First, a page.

About 70% of SSDI claimants in Oklahoma will receive a denial notice forcing them to go through the appeals system which actually presents a much better chance of your claim getting approved. The process of appeals consists of 4 stages.
- Reconsideration: Here your case is reviewed by another disability examiner whose job is to check whether the previous disability examiner has made a fair determination based on all the evidence. You are allowed to present new medical records if the records you initially submitted are over 90 days old. The rate of approval at this stage in Oklahoma is 7.5%.
- The Court Hearing: An Administrative Law Judge (ALJ) will review your case. He may give due weightage to your treatment physician or other medical/vocational experts whose testimonies may help support your case. This is the best chance you have and in Oklahoma there is a 45% chance of winning your case.
- The Appeals Council: The Council will determine whether the decision made by the ALJ was fairly determined by looking at all the evidence once again. They can send your case to another ALJ if they find an unfair ruling.
- Federal Review: Not many are advised to go to this last stage of appeal. It’s a lengthy, expensive process and most will find a better chance of claim approval by starting the SSDI claims process all over again.
Since appeals have to be filed with the SSA within 60 days of the date of the denial notice, it is beneficial to have an advocate assist you in the appeals process. This would avoid missing the appeals deadline. (If you miss it, you will need to start the application process all over again). Here at Disability United, we are well-versed in the entire SSDI claims process. Advocates can help you understand why your claim was denied and meet the gaps in your case with evidence that shows you meet the SSDI approval criteria. Advocates can also help you maximize SSDI back pay by establishing the earliest onset date possible.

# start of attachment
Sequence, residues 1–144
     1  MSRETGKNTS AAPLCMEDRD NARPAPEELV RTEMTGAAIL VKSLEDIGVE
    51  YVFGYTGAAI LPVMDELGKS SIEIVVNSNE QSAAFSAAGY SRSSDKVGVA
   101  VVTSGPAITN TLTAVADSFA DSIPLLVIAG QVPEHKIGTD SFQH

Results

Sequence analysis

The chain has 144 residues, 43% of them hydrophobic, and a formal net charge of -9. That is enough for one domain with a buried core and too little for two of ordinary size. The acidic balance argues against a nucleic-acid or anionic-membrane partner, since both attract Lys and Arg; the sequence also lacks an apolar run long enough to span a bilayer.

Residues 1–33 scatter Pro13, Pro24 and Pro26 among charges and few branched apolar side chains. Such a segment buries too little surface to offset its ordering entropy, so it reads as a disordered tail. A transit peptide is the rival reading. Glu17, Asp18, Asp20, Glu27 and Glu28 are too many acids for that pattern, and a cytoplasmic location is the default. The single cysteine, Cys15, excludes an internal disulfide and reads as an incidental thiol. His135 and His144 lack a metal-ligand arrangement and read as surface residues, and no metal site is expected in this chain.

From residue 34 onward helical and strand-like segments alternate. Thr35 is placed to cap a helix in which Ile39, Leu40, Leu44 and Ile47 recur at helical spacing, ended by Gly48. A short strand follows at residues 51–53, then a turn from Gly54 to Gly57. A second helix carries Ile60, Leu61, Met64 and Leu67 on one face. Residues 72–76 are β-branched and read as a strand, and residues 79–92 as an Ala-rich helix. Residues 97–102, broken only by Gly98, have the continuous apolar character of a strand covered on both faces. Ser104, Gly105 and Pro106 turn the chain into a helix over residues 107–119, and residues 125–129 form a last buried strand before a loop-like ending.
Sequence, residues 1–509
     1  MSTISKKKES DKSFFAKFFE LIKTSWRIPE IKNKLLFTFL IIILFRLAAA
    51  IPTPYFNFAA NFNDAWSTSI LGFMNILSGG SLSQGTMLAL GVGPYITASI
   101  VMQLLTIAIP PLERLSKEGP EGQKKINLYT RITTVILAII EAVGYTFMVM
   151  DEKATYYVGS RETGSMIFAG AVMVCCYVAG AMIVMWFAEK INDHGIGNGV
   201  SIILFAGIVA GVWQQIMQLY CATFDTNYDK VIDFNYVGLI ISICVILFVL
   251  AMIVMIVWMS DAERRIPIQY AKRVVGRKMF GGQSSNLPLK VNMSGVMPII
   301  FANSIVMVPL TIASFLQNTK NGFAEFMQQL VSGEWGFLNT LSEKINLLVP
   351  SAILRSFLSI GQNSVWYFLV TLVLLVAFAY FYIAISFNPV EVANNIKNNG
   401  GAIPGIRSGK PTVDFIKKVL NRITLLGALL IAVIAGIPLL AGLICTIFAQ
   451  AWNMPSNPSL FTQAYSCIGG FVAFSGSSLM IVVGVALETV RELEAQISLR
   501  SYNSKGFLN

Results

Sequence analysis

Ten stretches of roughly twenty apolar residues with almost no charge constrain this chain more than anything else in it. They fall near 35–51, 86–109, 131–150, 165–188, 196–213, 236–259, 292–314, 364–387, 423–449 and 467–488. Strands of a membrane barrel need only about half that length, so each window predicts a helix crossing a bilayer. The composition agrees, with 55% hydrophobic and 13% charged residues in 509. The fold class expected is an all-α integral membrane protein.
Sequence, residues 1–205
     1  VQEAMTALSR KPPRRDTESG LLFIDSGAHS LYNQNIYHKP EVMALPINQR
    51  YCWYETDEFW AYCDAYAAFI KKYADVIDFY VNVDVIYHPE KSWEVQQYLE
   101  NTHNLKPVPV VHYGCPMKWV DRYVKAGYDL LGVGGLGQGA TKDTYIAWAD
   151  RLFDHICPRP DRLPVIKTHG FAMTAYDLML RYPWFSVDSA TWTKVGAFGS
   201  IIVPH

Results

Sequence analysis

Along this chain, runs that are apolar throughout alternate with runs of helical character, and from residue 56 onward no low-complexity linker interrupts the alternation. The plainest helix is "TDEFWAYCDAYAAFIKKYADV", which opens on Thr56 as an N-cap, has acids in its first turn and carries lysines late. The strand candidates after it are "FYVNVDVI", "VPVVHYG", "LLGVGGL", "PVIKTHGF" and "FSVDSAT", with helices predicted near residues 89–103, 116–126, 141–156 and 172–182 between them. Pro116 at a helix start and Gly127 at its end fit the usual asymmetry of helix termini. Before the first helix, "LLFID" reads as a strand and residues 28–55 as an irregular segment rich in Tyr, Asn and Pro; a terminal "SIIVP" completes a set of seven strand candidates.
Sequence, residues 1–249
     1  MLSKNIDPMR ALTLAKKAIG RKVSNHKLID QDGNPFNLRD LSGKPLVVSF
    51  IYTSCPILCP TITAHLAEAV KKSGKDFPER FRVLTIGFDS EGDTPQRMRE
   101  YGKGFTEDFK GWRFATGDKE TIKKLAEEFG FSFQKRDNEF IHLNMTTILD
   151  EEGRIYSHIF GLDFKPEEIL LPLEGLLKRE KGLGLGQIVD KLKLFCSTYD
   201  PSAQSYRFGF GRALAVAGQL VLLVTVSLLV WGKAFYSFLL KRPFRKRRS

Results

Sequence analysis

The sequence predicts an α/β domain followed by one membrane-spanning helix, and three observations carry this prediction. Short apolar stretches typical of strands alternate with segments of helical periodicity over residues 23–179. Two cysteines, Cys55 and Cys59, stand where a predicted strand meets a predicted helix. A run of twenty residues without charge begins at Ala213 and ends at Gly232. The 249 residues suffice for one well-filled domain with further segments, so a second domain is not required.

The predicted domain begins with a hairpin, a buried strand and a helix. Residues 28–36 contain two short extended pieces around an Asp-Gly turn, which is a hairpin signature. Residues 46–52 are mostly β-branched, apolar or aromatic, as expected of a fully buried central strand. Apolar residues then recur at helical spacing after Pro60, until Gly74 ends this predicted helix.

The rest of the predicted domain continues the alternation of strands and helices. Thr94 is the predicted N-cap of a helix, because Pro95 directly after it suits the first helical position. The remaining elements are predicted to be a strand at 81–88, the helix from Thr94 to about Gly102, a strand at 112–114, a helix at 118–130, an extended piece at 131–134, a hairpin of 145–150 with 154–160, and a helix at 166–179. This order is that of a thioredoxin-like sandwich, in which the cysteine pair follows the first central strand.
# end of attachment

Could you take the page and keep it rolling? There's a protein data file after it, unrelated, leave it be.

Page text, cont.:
Do you know whether you qualify for SSDI benefits? Find out by filling out our free disability evaluation form today!
There is no need to wait to apply for SSDI benefits if you know your disability is likely to last a year. The SSDI claims process can take several months. Applying early will mean you start getting your benefits sooner. Fill the form on the right and let us help you get the benefits you deserve.
Helpful Resources for those with Disabilities in Oklahoma
If you’re not qualified for Social Security Disability Insurance or would like additional support, the Oklahoma State Administration offers several other programs to help people with different disabilities. Follow the links below to know more about these helpful programs:
- The Office of Disability Concerns: This website provides a wide range of resources for people with developmental disabilities looking for assistance in job training, residential services, and more.
- Developmental Disability Services: This agency offers services to individuals with developmental disabilities (aged 3 and up) and their families to help them lead safer, healthier, more independent and productive lives.
- The LIHEAP assistance program: This is a federally funded energy bill assistance program. You may be able to receive financial help in the form of a grant or credit on an account. Low-income homes that have a disabled family member, an elderly person, or a young child are given priority.